Believe it or not, and unlike you and me, studies show most asthmatics aroompliant with the very medicines that are proven safe and proven to prevent and controltheir disease. In other words, most are not gallant asthmatics.
Yet it's these same folks who keep coming back to their doctors complaining of shortness of breath when exposed to their asthma triggers. Why is this so? What can be done?
There are lots of reasons, or excuses, why people quit taking their medicines. I think we pegged it a while ago when we discussed the asthma types.
I suppose some could be martyr asthmatics, which are too tough for treatment, and some phlegmatic asthmatics that stay calm and avoid doctors, and some recovered asthmatics who think falsely their asthma went away.
Supposedly some are of the Doubting Thomas sort who refuse to believe they have asthma, or sometimer asthmatics who simply forget they have asthma, or poor patient asthmatics who have goofus asthma doctors.
All these asthma types together configure the non-compliant asthmatic: he does not take his asthma medicines as they are prescribed, and therefore risks poor asthma control.
Regardless, study after study has proven that inhaled corticosteroids work better than any other asthma medicine at controlling chronic (it's always there) inflammation in the airways of asthmatics.
Study after study also has shown that as long as you rinse your mouth out well after using your inhaled corticosteroid, side effects are rare.
The catch here is that the asthmatic must take this medicine every day, even when he is feeling well -- especially when he is feeling well.
Yet this is not usually the case. More often than not, the asthmatic quits taking his meds when he's feeling well -- studies find. I bet many quit taking their meds simply because they don't feel like taking them anymore, and perhaps some due to simple laziness or even ignorance like Joe Goofus.
Recently I visited my doctor and he said, "Your one of the few asthmatics I have who likes Advair."
"So, what do they take to control their asthma then?" I asked.
"Nothing. They come in every 6 months or so complaining their asthma is bad." He smiled as he said this in a kind of "What can you do?" shrug of his shoulders.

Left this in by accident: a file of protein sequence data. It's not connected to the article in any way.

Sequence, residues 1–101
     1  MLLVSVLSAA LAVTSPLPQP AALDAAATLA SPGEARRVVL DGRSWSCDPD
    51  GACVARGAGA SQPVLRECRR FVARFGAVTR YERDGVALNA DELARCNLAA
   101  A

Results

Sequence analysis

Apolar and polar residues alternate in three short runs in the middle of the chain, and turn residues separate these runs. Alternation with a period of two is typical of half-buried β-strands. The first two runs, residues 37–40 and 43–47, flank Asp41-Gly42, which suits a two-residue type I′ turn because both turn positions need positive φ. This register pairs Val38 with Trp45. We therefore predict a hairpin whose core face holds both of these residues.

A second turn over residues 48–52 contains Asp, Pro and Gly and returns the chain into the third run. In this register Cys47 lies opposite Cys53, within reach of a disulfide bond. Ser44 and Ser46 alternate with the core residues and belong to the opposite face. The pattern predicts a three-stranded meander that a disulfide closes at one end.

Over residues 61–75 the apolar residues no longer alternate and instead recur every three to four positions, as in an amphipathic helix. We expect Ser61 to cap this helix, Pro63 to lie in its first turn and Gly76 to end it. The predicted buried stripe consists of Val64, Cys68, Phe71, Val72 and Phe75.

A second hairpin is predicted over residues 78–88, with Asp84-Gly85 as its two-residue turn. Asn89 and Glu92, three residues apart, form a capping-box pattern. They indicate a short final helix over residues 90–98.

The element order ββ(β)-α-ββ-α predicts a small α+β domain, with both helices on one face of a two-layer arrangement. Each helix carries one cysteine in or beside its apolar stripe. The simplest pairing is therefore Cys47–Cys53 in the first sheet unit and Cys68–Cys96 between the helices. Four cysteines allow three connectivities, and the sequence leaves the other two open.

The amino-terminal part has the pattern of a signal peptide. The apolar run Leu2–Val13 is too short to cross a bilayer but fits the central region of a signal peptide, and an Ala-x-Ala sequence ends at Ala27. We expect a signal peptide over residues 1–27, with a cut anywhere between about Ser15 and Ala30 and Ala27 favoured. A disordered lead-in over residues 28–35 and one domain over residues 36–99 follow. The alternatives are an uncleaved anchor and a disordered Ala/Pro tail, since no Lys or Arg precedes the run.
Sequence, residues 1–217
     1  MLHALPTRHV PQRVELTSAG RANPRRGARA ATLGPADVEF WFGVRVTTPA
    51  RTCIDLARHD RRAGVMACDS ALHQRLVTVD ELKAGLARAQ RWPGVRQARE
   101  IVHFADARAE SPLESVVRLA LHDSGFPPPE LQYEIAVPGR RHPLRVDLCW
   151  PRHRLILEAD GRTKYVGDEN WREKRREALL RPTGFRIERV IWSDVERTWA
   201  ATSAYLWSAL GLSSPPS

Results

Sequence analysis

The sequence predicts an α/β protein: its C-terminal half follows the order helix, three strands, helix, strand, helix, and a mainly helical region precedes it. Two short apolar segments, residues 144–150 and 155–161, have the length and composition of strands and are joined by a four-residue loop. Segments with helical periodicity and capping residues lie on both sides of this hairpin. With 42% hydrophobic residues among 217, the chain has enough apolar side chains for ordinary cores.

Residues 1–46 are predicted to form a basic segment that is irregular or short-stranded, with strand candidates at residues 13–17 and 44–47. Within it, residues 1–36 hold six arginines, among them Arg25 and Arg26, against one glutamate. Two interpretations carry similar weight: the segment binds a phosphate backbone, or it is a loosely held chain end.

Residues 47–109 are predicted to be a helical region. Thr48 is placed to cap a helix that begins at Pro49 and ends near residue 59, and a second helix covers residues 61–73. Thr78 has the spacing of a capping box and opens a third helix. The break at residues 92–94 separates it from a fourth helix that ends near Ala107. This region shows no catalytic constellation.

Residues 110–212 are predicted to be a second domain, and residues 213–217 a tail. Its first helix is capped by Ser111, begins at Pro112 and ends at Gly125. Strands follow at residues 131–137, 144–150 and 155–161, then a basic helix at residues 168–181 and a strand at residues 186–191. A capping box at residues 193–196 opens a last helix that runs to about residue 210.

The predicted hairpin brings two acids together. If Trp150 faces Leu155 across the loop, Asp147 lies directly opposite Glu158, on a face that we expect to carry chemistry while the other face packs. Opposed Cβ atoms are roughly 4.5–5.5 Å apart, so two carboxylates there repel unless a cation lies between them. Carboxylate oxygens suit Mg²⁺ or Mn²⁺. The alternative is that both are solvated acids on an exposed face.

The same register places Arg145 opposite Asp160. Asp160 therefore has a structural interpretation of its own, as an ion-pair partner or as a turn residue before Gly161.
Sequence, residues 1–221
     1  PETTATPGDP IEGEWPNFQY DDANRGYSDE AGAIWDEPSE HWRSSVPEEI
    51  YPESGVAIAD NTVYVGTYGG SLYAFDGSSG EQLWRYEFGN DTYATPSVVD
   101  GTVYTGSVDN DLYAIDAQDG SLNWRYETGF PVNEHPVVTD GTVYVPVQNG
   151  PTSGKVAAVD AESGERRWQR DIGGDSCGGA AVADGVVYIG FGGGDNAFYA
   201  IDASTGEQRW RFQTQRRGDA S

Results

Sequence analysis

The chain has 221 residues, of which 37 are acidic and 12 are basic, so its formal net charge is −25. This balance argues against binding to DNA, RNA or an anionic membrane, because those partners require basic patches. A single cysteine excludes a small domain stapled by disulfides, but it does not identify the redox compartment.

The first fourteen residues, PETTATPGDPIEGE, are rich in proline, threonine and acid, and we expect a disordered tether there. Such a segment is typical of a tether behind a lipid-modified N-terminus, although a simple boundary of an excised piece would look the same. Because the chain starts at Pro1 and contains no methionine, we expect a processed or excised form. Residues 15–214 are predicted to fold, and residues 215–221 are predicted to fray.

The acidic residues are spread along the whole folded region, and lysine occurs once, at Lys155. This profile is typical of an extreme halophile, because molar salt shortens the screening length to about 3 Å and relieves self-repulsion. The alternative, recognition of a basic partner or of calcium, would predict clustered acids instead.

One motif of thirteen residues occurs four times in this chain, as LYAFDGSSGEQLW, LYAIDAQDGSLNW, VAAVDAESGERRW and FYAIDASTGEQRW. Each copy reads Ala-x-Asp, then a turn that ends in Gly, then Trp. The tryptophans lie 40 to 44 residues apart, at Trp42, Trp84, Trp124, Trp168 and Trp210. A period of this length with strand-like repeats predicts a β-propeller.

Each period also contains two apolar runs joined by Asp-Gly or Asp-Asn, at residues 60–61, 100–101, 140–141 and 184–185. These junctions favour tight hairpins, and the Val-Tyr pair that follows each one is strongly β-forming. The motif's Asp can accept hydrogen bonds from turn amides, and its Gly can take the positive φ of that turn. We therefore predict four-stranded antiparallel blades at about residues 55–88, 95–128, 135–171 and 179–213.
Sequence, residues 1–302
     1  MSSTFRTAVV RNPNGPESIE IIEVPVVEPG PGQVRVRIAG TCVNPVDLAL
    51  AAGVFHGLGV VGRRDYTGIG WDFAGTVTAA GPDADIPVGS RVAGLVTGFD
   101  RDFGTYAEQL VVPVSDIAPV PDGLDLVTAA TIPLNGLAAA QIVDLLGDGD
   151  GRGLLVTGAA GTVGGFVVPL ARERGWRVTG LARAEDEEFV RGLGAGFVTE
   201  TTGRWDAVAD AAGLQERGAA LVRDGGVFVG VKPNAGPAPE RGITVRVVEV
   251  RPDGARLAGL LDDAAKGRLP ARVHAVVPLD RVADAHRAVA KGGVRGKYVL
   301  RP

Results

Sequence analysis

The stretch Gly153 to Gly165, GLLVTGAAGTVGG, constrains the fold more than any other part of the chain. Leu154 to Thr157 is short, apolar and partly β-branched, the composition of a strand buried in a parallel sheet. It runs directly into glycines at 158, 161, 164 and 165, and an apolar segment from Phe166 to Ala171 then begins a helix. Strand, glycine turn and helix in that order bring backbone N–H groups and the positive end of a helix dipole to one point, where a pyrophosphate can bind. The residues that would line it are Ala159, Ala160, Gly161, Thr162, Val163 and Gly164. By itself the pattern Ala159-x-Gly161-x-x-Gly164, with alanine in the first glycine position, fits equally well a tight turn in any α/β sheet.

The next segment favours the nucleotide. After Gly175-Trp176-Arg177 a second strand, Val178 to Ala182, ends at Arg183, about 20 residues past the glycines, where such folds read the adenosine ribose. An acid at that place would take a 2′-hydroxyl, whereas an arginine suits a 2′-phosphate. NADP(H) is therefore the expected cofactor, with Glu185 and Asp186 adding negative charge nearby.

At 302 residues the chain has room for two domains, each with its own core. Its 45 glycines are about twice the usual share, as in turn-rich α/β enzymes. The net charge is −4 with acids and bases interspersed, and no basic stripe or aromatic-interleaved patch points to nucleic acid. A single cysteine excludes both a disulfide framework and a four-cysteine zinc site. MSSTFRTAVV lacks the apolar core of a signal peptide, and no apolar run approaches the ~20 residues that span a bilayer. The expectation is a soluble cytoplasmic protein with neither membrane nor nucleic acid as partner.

Well, what can you do though, really? You can't force patients to be compliant. Yet a new study recently performed by Henry Ford Hospital in Detroit (you can read about here) shows that a good asthma doctor (learn how to tell if you have a good asthma doctor by clicking here) actually has the ability to improve compliance.
Study author Dr. L. Keoki Williams said that, "Unfortunately, overall patient adherence to ICS (inhaled corticosteroid) medication is poor, accounting for an estimated 60 percent of asthma hospitalizations. So it's important, as we move forward with health care reform, to look for more effective ways to make sure patients stay with their prescription regimens."
She adds, and rightfully so, "Better inhaled corticosteroid adherence means better overall asthma control, and less hospitalization."
In this regard, the study results are promising. They show that patients are more likely to take their ICS as prescribed when their doctors keep a close eye over their medication usage.
When doctors know exactly when patients are refilling their prescriptions, and how often, they can estimate how long each prescription lasts. Thus, if a patient is not using his inhaled corticosteroid, the doctor will know.
Then, at the next appointment, the doctor can reiterate the facts: that compliance with your asthma medicine is essential to good asthma care.